• Do nothing other than observe your own breathing. The very fact that you are drawing your consciousness inward will begin to calm and centre your mind.
  • Just feel your breathing rather than trying to control it.
  • Try not to be distracted by other thoughts; fix your focus entirely on the breath.
  • Breathe in through your nose. Breathing in through the mouth is generally not good for you, even in moderation.

When you have fully relaxed into your natural breathing, you will sense its own automatic cycle. This is the cycle which you will now begin to control, using the gentle introductory exercises below.

The Four Stages of each breath

A simple observation of natural breathing shows that there are four stages in the basic cycle. You will soon become aware of them, and basic breathwork exercises focus on varying the duration of each of the four.

The four stages of breathing are:

  1. Inhalation: breathing in
  2. Compression: holding the breath
  3. Exhalation: breathing out
  4. Intermission: pausing

In breathwork exercises, the first stage is sometimes split in two, so that the practitioner can pay attention to where the breath is led:

  • Breathing into the lung/chest area
  • Breathing into the abdomen/stomach area

Three practices now follow:

  • The first focuses only on inhaling and exhaling without holding or pausing between breaths.
  • The second introduces you to directing all four stages of the breath.
  • And in the third practice, the inhalation stage will be spilt in two so that you can develop your focus and intention further.

Practice 1: Relax

This first and easiest practice is helpful when your are feeling restless, anxious or overwhelmed. Taking in a deep breath followed straight away by a longer exhalation reduces stress by slowing the heart rate and relaxing the nerves.

For the pianist, the practice is useful midway through a piano practice session, recording or when taking a break from administration or computer work.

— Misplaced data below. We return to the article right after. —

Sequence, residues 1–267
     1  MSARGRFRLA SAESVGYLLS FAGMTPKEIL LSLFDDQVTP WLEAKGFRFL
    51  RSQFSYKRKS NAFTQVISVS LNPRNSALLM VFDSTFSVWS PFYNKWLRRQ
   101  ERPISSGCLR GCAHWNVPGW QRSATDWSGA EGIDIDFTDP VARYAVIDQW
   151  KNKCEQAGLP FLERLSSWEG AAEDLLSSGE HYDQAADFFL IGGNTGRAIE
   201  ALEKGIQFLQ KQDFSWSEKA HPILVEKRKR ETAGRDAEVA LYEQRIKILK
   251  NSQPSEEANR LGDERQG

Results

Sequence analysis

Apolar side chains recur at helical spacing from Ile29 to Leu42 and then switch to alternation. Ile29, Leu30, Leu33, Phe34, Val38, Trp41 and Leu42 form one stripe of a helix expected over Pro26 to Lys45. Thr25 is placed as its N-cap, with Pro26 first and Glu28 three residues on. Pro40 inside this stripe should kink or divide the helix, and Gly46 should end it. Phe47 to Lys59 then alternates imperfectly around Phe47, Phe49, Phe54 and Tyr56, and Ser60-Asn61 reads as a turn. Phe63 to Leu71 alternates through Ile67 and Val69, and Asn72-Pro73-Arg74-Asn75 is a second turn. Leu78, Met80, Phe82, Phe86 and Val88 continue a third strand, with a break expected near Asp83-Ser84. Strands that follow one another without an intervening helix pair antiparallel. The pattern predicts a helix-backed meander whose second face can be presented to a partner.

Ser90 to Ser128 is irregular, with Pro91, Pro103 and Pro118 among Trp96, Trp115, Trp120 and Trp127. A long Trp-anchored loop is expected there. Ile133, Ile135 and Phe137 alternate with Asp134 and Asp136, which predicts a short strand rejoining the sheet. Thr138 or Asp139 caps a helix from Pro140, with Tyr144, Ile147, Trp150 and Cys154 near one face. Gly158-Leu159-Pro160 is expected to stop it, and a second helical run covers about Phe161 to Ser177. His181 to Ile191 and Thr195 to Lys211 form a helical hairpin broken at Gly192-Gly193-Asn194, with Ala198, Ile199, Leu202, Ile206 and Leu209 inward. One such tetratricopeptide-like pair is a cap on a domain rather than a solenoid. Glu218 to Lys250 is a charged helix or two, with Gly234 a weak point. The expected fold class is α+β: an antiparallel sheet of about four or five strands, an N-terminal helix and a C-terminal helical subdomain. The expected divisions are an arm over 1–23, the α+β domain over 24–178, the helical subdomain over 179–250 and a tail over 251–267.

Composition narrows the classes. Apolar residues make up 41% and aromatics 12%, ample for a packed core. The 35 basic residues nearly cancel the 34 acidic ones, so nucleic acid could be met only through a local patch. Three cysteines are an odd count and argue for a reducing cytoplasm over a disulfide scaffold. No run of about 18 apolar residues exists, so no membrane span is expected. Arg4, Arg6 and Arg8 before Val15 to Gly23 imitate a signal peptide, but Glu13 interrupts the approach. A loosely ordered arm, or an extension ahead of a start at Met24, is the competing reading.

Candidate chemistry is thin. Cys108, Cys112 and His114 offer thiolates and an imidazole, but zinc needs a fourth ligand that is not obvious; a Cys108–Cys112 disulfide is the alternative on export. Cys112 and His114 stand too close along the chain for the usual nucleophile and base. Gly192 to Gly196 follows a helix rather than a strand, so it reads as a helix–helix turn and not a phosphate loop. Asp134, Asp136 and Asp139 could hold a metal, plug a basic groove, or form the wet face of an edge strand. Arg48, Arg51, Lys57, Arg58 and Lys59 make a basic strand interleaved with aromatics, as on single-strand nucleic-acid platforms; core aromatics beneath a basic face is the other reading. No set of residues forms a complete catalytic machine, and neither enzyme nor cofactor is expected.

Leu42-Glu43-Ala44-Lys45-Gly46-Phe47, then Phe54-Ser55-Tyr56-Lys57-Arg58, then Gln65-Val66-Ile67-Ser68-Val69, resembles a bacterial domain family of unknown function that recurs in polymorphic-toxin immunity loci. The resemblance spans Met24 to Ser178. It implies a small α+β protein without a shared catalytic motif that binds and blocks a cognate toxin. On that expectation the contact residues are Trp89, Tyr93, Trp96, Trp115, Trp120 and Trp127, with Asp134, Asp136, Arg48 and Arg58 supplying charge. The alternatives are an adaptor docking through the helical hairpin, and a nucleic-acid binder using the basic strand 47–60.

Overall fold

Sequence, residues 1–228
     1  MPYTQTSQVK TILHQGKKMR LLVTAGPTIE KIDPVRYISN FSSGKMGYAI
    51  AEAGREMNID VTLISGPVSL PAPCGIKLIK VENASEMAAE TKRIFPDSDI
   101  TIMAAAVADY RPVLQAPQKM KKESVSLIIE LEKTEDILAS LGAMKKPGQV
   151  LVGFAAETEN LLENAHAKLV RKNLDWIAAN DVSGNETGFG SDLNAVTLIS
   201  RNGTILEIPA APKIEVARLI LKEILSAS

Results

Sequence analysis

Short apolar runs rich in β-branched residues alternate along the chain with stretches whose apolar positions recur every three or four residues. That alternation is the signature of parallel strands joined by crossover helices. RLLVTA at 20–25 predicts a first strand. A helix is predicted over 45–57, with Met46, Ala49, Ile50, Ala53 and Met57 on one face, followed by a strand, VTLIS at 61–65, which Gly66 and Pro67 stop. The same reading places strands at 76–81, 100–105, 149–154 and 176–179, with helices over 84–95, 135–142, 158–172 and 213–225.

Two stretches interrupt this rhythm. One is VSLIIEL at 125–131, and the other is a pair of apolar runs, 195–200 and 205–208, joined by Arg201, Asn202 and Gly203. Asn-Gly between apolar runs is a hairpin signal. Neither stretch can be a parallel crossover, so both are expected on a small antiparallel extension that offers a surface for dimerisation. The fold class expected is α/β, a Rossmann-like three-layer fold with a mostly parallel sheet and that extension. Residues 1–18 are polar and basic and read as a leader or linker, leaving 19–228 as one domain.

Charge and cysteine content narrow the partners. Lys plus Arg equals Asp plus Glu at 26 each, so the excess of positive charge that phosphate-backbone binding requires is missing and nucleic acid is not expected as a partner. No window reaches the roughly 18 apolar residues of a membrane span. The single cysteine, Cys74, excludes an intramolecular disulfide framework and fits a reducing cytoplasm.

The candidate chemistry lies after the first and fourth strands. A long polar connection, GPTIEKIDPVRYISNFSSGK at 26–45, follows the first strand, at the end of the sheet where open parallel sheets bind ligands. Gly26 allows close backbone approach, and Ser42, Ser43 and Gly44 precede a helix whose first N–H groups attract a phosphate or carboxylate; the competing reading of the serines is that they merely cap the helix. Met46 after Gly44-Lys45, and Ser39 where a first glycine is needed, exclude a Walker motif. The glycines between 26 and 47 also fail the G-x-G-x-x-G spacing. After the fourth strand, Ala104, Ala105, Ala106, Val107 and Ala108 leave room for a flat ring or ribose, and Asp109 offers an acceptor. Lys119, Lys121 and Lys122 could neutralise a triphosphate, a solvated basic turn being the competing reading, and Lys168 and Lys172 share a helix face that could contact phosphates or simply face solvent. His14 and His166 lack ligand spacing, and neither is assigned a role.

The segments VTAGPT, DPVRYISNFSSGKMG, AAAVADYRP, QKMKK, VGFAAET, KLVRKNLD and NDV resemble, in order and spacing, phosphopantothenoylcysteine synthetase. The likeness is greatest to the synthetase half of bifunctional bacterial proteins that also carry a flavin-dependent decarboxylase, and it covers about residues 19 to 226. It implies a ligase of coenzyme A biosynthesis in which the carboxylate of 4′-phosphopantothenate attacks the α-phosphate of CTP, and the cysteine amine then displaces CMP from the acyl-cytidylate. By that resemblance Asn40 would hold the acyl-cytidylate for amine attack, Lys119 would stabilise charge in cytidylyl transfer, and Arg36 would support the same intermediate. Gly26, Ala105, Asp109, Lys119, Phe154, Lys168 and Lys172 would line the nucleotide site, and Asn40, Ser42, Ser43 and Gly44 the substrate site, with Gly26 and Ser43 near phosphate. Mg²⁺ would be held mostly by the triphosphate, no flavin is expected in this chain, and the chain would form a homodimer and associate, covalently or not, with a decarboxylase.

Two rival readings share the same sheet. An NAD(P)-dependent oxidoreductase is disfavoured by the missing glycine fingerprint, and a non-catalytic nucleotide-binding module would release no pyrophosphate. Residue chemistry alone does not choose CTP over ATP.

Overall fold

4 counts: Inhale deeply through the nose and into the abdomen/stomach. Imagine healing light entering your belly.

6 counts: Exhale slowly through the mouth, with lips pursed as though blowing out a candle. Visualise dark smoke leaving with the out breath.

Practice 2: Focus

This exercise is one of the most popular breathwork exercises, sometimes called box breath or four-square breathing. It will help you to improve your performance, sharpen concentration and reduce stress.

For the pianist, it is the perfect breathwork exercise to use before a lesson, exam, or performance.

4 counts: Inhale slowly through the nose, noticing both your chest and abdomen expand. 

4 counts: Pause at the top of your inhale; try not to tense as you hold your breathe for a few moments.

4 counts: Gently exhale through the nose, releasing your breath without force.

4 counts: Pause again, resting before the next inhale.

Practice 3: Restore

This final practice is helpful for developing control and quality in your breathing, and is thought to restore energy by boosting the amount of oxygen in your bloodstream.

For the pianist, it can be particularly useful after a practice or performance.

3 counts: Inhale deeply through the nose to the abdomen, allowing the belly to fill. Place one hand over your stomach, feeling the expansion.

3 counts: Place your other hand on your chest. Continue your inhale, expanding the breath into the lungs.

6 counts: Slowly release the breath, exhaling through the mouth, feeling your belly draw inward and your chest drop as it relaxes.

The Three Locks

In Qigong practice we take these practices to a deeper level by learning to coordinate our breath with physical stretches and movements (neigong), and with seated meditation practice (neidan).

The Three Locks can be applied during the second stage of the breath (holding the breath) to create a therapeutic compression within the abdominal cavity, further enhancing the health and longevity benefits of the practice.

According to Qigong instructor Daniel Reid,

“This compression gives a strong boost to venal circulation, opens the meridian system, and helps activate the pneumogastric nerves of the parasympathetic branch of the autonomous nervous system. The locks are applied at or toward the end of inhalation, held in place briefly during compression, and released on exhalation.”

Daniel Reid: A Complete Guide to Chi-Gung (2000)

The Three Locks are:

  1. the anal lock: lifting the pelvic floor and perineum upward
  2. the abdominal lock: very slightly pulling the lower part of the abdominal wall inward toward the spine
  3. the neck lock: contracting the throat muscles to clamp the glottis over the trachea.

These should be applied in order, and released in reverse order.

This technique is for the more advanced practitioner, so should not be tried by the beginner reading this.

If you are interested in this more advanced approach to breathwork, I advise reading Daniel Reid’s book for more detailed instruction, and if possible working with an experienced Qigong teacher.

Closing Thoughts

Breathwork has made a significant difference to my quality of life, health and wellbeing, with a beneficial impact on my piano journey.

I hope that by trying the simple exercises in this post you will discover similar benefits and be encouraged to explore the practices further.


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Published by

Andrew Eales

Andrew Eales is a widely respected piano educator, published author and composer based in Milton Keynes UK, where he runs a successful private teaching studio.